Clean up Word tags in HTML / Dreamweaver?

Subject: Clean up Word tags in HTML / Dreamweaver?
From: Geoff Hart <ghart -at- videotron -dot- ca>
To: "TECHWR-L" <techwr-l -at- lists -dot- raycomm -dot- com>
Date: Thu, 29 Jul 2004 08:46:47 -0400

Christina Lamkin reports: <<I am trying to reduce the tag/dross bloat that results from saving a doc as HTML, in Word.>>

You didn't mention which version of Word you're using, but it's worth having a look at the Microsoft site to see whether there's an updated HTML filter for your version. Microsoft introduced at least one improved version to fix the worst of the export problems, but even with the filter, Word still exports ugly HTML. Newer versions of Word may also have a Options/Preferences setting that lets you customize how the export works (e.g., not specifying font tags).

That being the case, on to step 2:

<<The Dreamweaver Clean Up WordHTMl function is not successfully removing mso tags and others. (I am getting an error msg, in DW, when I start the conversion: Word file version not determined..." -- but DW selects the correct Word version anyway. Who knows how to either get DW back on track or (in any editor) cleanly remove Word-only tags? The reason is that the file is slow-to-open in a browser. --thanks.>>

There are two approaches. With small documents, I tend to copy the text out of Word and paste it into a new document in Dreamweaver, then manually reapply the formatting. Works fine, and not too time-consuming.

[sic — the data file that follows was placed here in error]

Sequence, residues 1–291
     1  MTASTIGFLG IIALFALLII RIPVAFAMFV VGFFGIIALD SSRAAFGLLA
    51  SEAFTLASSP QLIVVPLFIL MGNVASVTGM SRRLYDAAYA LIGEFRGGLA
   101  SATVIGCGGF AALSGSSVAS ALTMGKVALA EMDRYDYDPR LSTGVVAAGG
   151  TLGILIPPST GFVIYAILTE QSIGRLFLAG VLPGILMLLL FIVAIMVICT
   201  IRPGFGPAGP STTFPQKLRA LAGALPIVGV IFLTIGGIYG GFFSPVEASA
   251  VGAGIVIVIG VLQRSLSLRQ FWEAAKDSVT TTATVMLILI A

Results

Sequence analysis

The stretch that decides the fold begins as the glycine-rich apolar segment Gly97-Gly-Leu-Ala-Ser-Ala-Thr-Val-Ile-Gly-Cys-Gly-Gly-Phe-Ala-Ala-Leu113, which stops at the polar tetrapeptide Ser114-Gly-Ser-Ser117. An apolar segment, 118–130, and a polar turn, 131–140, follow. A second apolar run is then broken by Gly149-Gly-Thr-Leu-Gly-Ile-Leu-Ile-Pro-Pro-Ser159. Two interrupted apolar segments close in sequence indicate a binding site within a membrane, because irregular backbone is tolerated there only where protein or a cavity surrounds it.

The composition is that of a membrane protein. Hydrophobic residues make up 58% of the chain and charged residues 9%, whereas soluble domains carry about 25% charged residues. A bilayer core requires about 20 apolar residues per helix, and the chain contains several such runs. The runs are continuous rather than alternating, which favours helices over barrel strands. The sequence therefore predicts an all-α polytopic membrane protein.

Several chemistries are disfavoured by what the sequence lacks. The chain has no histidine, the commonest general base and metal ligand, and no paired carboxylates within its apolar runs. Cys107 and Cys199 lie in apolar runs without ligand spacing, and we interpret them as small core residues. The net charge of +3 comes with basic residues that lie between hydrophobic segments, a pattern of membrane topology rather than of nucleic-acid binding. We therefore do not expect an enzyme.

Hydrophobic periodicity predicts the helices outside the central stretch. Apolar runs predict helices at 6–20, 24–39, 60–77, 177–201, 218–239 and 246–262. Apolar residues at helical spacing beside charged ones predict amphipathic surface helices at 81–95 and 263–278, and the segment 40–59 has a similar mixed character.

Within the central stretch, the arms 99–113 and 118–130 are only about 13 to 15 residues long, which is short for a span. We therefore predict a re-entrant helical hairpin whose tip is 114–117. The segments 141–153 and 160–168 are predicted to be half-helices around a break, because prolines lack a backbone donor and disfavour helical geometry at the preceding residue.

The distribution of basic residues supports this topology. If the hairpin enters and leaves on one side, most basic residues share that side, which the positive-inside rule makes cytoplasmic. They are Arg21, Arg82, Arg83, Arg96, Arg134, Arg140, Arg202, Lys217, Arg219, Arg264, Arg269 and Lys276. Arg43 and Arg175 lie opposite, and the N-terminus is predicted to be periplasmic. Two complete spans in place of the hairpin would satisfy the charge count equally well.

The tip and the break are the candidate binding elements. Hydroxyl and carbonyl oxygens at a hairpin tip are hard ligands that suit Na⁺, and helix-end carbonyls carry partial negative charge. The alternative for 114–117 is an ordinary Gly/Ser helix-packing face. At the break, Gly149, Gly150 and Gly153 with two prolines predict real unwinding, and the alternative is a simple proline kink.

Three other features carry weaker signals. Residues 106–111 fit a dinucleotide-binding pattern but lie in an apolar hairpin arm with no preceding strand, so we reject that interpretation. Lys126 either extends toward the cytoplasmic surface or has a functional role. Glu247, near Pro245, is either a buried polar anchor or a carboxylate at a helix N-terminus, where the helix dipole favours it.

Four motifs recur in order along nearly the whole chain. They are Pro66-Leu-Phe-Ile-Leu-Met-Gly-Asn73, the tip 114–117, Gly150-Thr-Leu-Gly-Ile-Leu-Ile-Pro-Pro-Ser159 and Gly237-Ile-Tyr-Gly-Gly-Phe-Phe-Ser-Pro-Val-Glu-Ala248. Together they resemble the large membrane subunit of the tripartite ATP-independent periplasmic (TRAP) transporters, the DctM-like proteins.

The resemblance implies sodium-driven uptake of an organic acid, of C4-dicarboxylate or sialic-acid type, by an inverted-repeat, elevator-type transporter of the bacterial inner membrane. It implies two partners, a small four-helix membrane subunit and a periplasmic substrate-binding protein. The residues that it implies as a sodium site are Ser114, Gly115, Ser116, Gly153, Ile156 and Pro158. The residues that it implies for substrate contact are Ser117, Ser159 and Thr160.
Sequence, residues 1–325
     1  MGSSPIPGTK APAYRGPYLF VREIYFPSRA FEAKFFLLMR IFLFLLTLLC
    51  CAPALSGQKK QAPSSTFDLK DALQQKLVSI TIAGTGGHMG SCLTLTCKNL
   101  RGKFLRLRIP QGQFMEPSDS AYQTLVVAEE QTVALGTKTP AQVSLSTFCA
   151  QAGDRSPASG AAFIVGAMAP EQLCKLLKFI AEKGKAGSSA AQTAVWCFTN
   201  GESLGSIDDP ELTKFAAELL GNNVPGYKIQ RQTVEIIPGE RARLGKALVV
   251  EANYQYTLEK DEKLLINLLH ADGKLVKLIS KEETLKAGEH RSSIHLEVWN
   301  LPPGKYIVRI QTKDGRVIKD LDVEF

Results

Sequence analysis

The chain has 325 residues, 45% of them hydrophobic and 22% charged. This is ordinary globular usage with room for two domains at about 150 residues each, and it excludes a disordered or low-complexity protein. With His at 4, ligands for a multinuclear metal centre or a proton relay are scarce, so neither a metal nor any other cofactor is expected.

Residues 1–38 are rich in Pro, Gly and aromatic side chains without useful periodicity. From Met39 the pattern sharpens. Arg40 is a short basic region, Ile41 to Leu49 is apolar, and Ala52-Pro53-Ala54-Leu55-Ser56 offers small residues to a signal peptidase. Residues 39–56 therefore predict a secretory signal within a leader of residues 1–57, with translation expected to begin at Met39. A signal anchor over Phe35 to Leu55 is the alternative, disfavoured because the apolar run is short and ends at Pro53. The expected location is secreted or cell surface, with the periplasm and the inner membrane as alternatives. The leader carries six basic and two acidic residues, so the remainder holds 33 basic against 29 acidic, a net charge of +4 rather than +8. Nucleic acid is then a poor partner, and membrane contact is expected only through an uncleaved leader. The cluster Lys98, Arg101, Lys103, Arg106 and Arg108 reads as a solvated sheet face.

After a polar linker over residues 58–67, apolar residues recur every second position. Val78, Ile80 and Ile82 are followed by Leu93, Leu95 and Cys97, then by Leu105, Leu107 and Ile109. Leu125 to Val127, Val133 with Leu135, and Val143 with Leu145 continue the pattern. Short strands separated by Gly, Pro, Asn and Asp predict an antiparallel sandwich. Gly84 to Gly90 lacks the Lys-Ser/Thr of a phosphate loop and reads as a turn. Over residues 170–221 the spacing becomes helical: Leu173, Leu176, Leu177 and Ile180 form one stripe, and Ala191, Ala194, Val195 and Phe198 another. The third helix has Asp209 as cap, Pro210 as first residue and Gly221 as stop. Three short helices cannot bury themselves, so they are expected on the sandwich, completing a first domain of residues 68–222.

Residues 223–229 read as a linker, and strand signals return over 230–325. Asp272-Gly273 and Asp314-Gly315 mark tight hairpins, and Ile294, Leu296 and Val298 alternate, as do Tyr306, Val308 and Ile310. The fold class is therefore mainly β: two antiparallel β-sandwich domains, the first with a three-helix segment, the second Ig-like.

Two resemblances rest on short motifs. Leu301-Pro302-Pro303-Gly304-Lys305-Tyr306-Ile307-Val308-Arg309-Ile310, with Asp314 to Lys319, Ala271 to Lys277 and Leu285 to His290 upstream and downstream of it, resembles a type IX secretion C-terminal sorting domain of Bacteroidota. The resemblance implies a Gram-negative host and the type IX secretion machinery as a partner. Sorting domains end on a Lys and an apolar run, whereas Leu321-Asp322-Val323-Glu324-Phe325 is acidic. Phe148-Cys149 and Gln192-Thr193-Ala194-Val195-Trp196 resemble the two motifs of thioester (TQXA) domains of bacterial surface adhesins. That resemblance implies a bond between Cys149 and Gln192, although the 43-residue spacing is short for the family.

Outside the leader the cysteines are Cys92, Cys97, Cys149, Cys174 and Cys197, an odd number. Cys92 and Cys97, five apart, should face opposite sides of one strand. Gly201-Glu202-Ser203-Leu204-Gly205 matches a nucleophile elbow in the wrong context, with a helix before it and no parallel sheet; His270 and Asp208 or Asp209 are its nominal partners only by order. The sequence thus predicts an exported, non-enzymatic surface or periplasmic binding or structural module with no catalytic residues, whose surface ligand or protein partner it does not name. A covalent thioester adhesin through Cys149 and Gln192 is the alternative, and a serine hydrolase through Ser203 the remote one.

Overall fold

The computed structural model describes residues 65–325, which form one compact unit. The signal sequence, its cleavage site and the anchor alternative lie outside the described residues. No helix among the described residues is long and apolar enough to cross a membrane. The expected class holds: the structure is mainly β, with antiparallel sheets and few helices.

For longer documents, use Dreamweaver's own built-in editor: Find the first offensive tag (e.g., a FONT tag, often with a lengthy description of the typeface etc. following the word "FONT"), then under the Edit menu, select Replace. Copy the tag details (e.g., "FONT face=Arial size=200" etc.) into the Find What field, and in the Replace With field, delete anything already in that field (i.e., leave it entirely blank). Cick the Replace All button.

Dreamweaver now helpfully highlights all cases where you've removed only one of a pair of tags, leaving the other tag unaccompanied. Delete those tags the same way you deleted the original tag. Continue scrolling through the document looking for tags you no longer need, and repeat this global replace until you're done. A bit time-consuming, but works quite well on the whole because there's usually only a dozen or two tags you need to eliminate, and thus, only a dozen or two search and replace operations required.

--Geoff Hart ghart -at- videotron -dot- ca
(try geoffhart -at- mac -dot- com if you don't get a reply)


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